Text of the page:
During this Advent season I invite each of you to give a little time each day to reading and reflecting on the first scripture of the day, the one from the Old Testament. During Advent 2009 the daily readings will include selections from the prophet Isaiah — 10 times! — as well as from the prophet Zephaniah, the Book of Genesis, the prophet Jeremiah, the prophet Baruch, the prophet Zechariah, the Book of Numbers, the Book of Judges, the prophet Micah, 1 Samuel, and Malachi.

Fortunately, there are many excellent daily Scripture aides available to us. One can find the Advent Scriptures for each day on-line at these sites: www.usccb.org, www.la-archdiocese.org or www.olacathedral.org. Each of these sites provides the scriptures for the day, with links to a live podcast to listen to the scriptures being read.

The scriptures are also available on most iPhones, Blackberrys, and similar phones. In addition, publications such as Magnificat and other small convenient booklets are handy for pocket or purse during Advent. They provide the scriptures, a reflection, and a prayer for each day.

As we begin to fill in our salvation history canvas throughout Advent, we gain a deeper appreciation of the ups and downs of the Jewish people — how they move back and forth from fidelity to God and then to infidelity. But God remains faithful.

Their daily journeys surely reflect our own ups and downs. Some days we are keenly aware of God's presence and nearness, while on other days we tend to wander. The entire Advent Season can be a mini-retreat, an occasion to focus, and to deepen our anticipation of the coming of Jesus the Christ, who is God's promise fulfilled in human flesh.

Cardinal Roger Mahony is archbishop of the Archdiocese of Los Angeles.

Tuesday, November 24, 2009

True gratitude

Let us remember that, as much has been given us, much will be expected from us, and that true homage comes from the heart as well as from the lips, and shows itself in deeds.

— Theodore Roosevelt

St. Bernard School News

While doing your Thanksgiving shopping at Fresh and Easy, don’t forget your receipts for St. Bernard.

For every $20 you spend at a Fresh and Easy store through Dec. 15, $1 will come back to our school. Just bring your receipts, or your friends and family's receipts to the office! This is a simple way to raise money for our school.

You can drop your receipts off at the school office, or send in with your family envelope.

Monday, November 23, 2009

Notice of public hearing

The office of Zoning Administration will hold a public hearing on Dec. 9 at 4:30 p.m. at Ramona Hall Community Center, at 4580 N. Figueroa St. in Los Angeles, regarding the denial to T-Mobile to erect a cell phone tower on the property of Verdugo Road, opposite St. Bernard School.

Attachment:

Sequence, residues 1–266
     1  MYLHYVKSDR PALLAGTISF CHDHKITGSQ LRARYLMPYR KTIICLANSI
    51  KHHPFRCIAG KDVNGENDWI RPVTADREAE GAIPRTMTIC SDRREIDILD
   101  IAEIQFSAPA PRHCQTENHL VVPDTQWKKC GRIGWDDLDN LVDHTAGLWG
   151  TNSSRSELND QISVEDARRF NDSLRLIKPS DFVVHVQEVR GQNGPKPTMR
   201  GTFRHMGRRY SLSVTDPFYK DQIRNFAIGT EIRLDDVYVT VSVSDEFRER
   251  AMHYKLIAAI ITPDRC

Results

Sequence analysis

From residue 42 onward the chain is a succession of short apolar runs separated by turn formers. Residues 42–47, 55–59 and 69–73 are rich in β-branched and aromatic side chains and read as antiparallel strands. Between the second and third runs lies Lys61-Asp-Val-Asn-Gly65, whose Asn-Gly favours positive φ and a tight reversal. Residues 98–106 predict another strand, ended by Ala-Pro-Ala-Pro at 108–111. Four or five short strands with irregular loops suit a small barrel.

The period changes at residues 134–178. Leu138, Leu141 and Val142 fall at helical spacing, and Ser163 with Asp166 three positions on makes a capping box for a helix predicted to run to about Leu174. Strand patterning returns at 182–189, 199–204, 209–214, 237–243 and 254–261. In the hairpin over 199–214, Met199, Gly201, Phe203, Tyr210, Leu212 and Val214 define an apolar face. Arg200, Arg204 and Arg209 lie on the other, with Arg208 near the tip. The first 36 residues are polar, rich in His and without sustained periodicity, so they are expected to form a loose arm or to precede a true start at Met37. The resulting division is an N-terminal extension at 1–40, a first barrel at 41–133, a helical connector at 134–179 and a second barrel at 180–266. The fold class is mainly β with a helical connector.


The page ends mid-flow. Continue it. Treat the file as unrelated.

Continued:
We encourage St. Bernard School parents, residents of this area and others to attend the hearing.

Sunday, November 22, 2009

Annual November Mass for the decased

At 7:30 p.m. Nov. 23 a Mass for the deceased of the last 12 months will be celebrated.

Family members are invited to participate in the liturgy and must be in the church by 7:15 p.m. to receive instructions.

Please note that only the names of those who have died since last November will be read at Mass.

Saturday, November 21, 2009

Catholic Campaign for Human Development

These days it’s not hard to imagine having to chose between rent or health care, food or transportation, household bills or clothing. For many Americans, these choices are forced by a recent layoff, pay freeze, or retirement fund decrease. For 37 million Americans who live below the poverty line, the options are only diminishing. The CCHD makes a difference in lowincome communities by funding programs that address the root causes of poverty. More than ever, CCHD needs your support in this weekend's collection.

Thank you for your generosity.

Friday, November 20, 2009

Christ the King

On the final Sunday of the liturgical year we celebrate the feast of Christ the King. It’s easy to understand today’s scriptures as events that happened long ago and far away, or predictions that will come true somewhere, some day. But they invite us to claim Christ as our King here and now. Jesus’ words to Pilate in the Gospel remind us that his kingdom transcends time and place. And the prophecies from Daniel and Revelation give us reason to be faithful to Christ our King right here and right now.

By concluding the year with this feast we are proclaiming our faith that Jesus Christ is the one and only King over all seasons, all peoples, and all of creation. No matter what nation we belong to or what language we speak, he “has made us into a kingdom.” (Revelation 1:6) — one people united in love and peace for all eternity.

Monday, November 16, 2009

Register with St. Bernard's

Please register you and your family as members of our parish.

Registration forms are available at the exits of the church and also at the church office.

Sunday, November 15, 2009

Catholic Campaign for Human Development

For nearly 40 years, the Catholic Campaign for Human Development (CCHD) has embodied Catholic social teaching thorough pursuing justice and upholding the dignity of the human person. CCHD funds community projects led by low-income individuals. As more Americans feel the weight of the economic crisis, CCHD needs your support in next week’s collection more than ever.

Thank you for your generosity.

Special envelopes are in the pews.

Annual November Mass for the deceased

On Nov. 23 at 7:30 p.m. a Mass for the deceased of the last 12 months will be celebrated. Family members are invited to participate in the liturgy and must be in the church by 7:15 p.m. to receive instructions. You may give at the church office ,before that the date, the names of the deceased.